In addition, I also met with Nadine to test out how detection works for the LEDs. This testing is now important because we are considering lighting up LEDs of the respective colors when a valid piece has been placed, as a way to show when the system has registered the piece placement for the other players. As such, we need to ensure any minimal bleeding does not end up detecting additional squares. Our testing currently shows that the area being detected is very small, and that it should be entirely possible to set a higher threshold for each grid cell to exclude any issues from bleeding.
Change of Plans:
None. Still pushing towards getting that time down.
Plan for Next Week:
Start writing the report and getting presentation videos. Take a short break for Thanksgiving.
This week I worked on deploying the server code so that the clients can connect to an EC2 instance that is running the server which forwards a player’s move to all the other players in the game. I was going to try and do an intermediate step and run the server locally for our demo, but I realized that clients outside my network would not be able to connect to a local server because it would be behind a firewall, and because I didn’t have port forwarding set up. So I just made the jump and deployed the server on an EC2 instance. Unfortunately, Windows doesn’t use sockets which my client code uses to communicate with the server so Jonathan had to make some adjustments to support Windows and we did not do that in time for the demo. I was still able to demo the communication to the server by running two clients locally. I’ve started writing more code to set up and communicate with the MongoDB database so I’m hoping to have that wrapped up by next week. I am also currently in the middle of integrating the communication between the Arduino and the client software with Nadine and hopefully we will have that done ASAP.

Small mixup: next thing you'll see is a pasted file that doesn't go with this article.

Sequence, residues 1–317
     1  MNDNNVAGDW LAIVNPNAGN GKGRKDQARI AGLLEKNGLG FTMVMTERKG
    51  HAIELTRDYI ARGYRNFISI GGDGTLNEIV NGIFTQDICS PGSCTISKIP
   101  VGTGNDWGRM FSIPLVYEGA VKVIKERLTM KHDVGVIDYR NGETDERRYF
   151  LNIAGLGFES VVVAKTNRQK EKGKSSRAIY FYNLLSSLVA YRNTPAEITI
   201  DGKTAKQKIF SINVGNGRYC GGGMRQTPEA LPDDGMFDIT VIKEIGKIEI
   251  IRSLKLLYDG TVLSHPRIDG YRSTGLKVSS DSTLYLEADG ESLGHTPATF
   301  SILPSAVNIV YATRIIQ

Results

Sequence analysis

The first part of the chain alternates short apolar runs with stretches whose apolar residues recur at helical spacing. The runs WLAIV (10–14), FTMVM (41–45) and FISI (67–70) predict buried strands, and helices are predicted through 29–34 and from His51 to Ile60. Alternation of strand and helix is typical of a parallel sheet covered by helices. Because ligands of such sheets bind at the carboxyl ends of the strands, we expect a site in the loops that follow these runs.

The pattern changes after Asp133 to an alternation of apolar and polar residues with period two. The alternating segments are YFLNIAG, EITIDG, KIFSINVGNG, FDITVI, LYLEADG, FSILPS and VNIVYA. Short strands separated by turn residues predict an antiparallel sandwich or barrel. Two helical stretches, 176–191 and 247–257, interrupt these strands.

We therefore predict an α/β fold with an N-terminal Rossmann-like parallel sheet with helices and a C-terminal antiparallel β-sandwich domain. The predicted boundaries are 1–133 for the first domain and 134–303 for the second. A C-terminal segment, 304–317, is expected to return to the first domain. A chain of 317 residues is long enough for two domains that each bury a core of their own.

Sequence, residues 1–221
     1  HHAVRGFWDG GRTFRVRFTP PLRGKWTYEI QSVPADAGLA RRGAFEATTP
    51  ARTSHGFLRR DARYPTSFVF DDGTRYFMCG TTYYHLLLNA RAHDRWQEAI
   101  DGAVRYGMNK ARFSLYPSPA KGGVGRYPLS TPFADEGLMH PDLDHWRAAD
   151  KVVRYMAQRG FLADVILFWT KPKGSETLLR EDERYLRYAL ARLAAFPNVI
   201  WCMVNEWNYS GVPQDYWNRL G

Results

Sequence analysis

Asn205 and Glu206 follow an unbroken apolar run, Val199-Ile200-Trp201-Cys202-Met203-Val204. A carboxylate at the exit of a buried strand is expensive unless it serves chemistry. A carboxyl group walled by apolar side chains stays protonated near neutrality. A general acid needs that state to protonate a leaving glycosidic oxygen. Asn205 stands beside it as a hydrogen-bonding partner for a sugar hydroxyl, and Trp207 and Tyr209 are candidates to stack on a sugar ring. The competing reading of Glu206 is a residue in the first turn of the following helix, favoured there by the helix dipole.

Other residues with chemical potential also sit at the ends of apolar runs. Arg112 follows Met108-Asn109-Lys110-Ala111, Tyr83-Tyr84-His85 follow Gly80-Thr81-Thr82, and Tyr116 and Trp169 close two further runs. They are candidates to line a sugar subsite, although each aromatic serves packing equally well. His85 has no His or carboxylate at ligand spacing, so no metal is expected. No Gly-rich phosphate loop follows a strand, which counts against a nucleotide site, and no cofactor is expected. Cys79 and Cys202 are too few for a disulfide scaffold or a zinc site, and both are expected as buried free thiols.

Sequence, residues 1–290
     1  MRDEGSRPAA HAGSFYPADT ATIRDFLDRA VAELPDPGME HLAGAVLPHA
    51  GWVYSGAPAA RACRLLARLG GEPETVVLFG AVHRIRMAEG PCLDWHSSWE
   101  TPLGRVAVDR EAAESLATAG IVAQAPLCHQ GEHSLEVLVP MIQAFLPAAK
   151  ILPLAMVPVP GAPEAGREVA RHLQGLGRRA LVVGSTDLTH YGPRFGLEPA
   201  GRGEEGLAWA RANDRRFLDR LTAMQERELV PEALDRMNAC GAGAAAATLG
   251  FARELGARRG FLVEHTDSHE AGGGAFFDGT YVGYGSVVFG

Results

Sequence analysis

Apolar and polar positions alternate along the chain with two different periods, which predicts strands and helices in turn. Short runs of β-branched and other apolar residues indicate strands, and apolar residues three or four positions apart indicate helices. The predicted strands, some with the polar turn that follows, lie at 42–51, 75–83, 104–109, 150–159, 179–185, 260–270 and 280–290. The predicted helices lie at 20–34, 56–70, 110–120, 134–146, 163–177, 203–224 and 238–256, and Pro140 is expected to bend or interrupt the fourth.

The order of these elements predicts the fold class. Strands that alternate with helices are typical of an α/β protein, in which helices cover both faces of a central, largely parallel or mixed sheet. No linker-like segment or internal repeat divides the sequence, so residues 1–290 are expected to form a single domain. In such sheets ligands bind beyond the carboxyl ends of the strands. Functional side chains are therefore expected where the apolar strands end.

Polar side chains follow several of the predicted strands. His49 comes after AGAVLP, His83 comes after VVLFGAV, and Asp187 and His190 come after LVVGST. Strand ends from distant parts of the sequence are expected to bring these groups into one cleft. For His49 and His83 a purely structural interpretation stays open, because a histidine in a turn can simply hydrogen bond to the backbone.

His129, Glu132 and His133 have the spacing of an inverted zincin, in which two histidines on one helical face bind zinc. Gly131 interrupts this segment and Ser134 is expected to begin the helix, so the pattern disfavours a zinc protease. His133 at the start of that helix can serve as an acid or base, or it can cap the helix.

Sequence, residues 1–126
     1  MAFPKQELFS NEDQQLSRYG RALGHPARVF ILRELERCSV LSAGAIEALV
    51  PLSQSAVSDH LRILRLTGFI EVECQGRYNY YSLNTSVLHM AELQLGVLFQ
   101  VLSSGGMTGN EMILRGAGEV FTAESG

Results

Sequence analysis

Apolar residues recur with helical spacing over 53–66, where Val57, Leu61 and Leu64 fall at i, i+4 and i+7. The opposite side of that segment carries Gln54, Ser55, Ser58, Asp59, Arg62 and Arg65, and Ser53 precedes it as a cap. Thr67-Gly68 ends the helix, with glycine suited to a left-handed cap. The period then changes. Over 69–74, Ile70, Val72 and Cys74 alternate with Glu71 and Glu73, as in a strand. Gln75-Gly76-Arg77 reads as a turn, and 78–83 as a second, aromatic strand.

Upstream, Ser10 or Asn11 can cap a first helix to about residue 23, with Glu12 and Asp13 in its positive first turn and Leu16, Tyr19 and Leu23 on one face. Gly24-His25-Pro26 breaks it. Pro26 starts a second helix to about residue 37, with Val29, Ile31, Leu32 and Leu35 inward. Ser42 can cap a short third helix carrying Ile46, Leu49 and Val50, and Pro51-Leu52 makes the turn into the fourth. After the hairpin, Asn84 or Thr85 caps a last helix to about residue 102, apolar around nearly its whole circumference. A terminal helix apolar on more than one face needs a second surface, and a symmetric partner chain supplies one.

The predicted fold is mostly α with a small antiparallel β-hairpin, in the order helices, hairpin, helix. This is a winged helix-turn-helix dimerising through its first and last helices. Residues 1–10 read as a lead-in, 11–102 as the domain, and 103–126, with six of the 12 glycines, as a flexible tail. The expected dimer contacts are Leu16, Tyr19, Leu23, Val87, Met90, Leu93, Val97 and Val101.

I also want to discuss some of the comments that we got during our midpoint demo. It was mentioned that we should have some way of letting the player know what moves were registered and what moves were not registered. So that in the case the board was somehow knocked over the player would be able to set the board back up. Our team discussed this and we think the best solution would be to also light up the LEDs under the player’s own pieces. That way it tells the player which pieces exactly are not being processed due to an illegal move. I think the GUI feature can also help the player figure out what pieces are committed, but I think lighting up the player’s pieces under the board would also be helpful.
It was also mentioned that we should have a feature that lets the player undo their move, but I don’t think that is really a necessary feature to have. The feature would just be adding a delay in the software before sending the piece to the server allowing the player to remove the latest piece committed within a certain time frame. However, I don’t feel like this is adding anything to the game besides more latency. Realistically if we do implement this feature we would need to give the player at least a few seconds since if a player was unsure about their move then I don’t think they would be able to change in under a second. That means for every move, the player would have to wait a few seconds before their move is sent to the server even if they want to commit their move. Another way we could implement this feature is to have some button to commit a move, but that defeats the purpose of the project because at that point then we don’t even need to sample the video we could just use the frame when the player clicks some sort of button. I think this would make the game feel clunkier and less interactive overall so I don’t think an undo feature should be added.
Change of Plans:
I think I am on track with the schedule.
- Deploying server code to EC2
- Beginning to set up MongoDB
- Integration with Arduino is ongoing
Plan for Next Week:
I hope to have the MongoDB database set up and to start working on the lobby management code.